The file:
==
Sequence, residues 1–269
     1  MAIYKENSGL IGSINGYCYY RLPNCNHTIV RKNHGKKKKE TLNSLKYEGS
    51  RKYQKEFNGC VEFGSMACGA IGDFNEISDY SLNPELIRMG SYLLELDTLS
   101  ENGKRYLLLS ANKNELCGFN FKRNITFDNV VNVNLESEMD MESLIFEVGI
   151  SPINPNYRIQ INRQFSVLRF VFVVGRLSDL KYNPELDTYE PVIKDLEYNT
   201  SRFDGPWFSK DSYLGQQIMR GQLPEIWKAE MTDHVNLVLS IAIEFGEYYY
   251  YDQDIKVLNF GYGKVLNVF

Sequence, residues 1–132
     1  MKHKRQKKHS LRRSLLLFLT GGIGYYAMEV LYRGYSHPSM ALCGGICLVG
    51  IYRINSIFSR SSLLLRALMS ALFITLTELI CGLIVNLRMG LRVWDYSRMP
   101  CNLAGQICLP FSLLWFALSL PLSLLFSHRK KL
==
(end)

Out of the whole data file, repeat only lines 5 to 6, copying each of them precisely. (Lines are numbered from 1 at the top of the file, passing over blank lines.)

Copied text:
   151  SPINPNYRIQ INRQFSVLRF VFVVGRLSDL KYNPELDTYE PVIKDLEYNT
   201  SRFDGPWFSK DSYLGQQIMR GQLPEIWKAE MTDHVNLVLS IAIEFGEYYY